the most part, the texts of the responsories that alternated with the
lessons from Judith were taken from the same biblical source. In its focus
on a particular character, the book of Judith is like a saint's life;
and it is instructive to compare the responsories for Judith with those
intended to accompany the reading of saint's lives in the Divine Office.
Of the eight responsories, seven take as their point of departure a direct
quotation of the speech of one of the characters in the story, most often
Judith herself. They quote prayers of Judith or words she addresses to
a group of people. What one does not find in these texts is quotations
from narrative portions of the book. For most of the responsories the
source of the Latin text is Jerome's translation, but for two it is an
earlier version known as the Old Latin.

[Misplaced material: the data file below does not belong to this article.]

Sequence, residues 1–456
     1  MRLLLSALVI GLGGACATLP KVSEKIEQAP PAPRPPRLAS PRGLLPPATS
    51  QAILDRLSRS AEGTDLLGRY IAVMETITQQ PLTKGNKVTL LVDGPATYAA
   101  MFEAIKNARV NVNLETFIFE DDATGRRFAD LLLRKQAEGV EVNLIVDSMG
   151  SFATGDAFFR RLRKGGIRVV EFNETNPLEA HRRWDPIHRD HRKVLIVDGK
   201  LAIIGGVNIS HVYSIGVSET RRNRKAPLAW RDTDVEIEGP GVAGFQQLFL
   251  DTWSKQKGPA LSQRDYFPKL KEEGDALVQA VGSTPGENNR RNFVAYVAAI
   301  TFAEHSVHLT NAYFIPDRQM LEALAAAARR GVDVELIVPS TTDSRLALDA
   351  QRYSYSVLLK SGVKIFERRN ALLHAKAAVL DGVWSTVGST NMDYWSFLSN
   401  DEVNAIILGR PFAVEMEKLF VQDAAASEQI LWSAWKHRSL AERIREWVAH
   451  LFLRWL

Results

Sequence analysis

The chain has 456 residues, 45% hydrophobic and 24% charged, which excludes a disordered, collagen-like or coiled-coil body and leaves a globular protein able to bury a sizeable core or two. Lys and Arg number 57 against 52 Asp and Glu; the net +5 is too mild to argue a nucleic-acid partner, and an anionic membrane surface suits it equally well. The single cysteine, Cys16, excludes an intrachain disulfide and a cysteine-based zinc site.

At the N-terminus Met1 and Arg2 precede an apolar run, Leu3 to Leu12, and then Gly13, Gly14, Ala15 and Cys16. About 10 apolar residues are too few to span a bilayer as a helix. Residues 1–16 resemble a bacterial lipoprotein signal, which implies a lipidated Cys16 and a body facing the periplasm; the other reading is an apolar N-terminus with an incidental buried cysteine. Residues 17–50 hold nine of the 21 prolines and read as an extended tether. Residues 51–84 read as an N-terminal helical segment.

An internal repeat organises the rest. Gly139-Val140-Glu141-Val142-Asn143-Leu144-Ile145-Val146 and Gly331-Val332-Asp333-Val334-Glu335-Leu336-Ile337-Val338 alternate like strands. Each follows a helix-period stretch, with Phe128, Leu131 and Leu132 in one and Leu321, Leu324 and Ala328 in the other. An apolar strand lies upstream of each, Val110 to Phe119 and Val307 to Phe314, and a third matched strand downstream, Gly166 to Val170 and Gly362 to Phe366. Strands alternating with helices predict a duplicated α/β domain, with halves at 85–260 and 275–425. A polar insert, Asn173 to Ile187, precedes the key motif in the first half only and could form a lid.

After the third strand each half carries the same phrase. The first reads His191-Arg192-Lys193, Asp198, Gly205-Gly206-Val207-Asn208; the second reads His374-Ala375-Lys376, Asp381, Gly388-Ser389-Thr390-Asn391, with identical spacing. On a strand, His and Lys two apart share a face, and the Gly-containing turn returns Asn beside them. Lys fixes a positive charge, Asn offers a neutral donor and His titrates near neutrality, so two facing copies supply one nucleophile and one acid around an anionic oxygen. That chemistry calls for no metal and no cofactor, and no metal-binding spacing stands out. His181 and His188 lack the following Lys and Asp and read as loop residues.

Speculations and explanations as to why Schubert omitted words and phrases from the Latin texts of his six settings of the Ordinary of the Mass have included ignorance of Latin, ignorance of the orthodox version of the texts, carelessness, forgetfulness, the existence of an unknown master text that Schubert unwittingly copied, and the existence of local oral traditions. All of these explanations, including those in the two most recent full-length biographies of Schubert as well as the Schubert Jahrbuch (1997) explicitly or implicitly seek to minimize Schubert's agency, intention, knowledge, and responsibility, and obviate the asking of further questions about why Schubert set the texts he did, and what he may have meant by doing so. This paper presents for the first time all of Schubert's mass omissions in a chart that allows an overview of the pattern of omissions in all the masses. It also considers Schubert's patterns of text telescoping, which is found to be closely coordinated with the text omissions. The pattern of omissions creates a strong presumption that Schubert himself intentionally made all the excisions from his mass texts; when combined with the pattern of telescoping, that conclusion is inescapable. The doctrinal inconsistency of Schubert's omissions has long served as a pretext for dismissing their intentionality. His treatment of the "Dominus Deus, agnus Dei" section of the Gloria illustrates why his reasons for excising text must also be sought in the meaning he wished to impart to the text that remained. The connection between the plea for mercy ("miserere nobis") at the center of the Gloria, which he privileged in all six masses, and the plea for peace ("dona nobis pacem") is strengthened by the pared-down text Schubert had arrived at for the "Dominus Dei, agnus Dei" section of his last two masses, creating a parallel wording and structure to the last movement's text.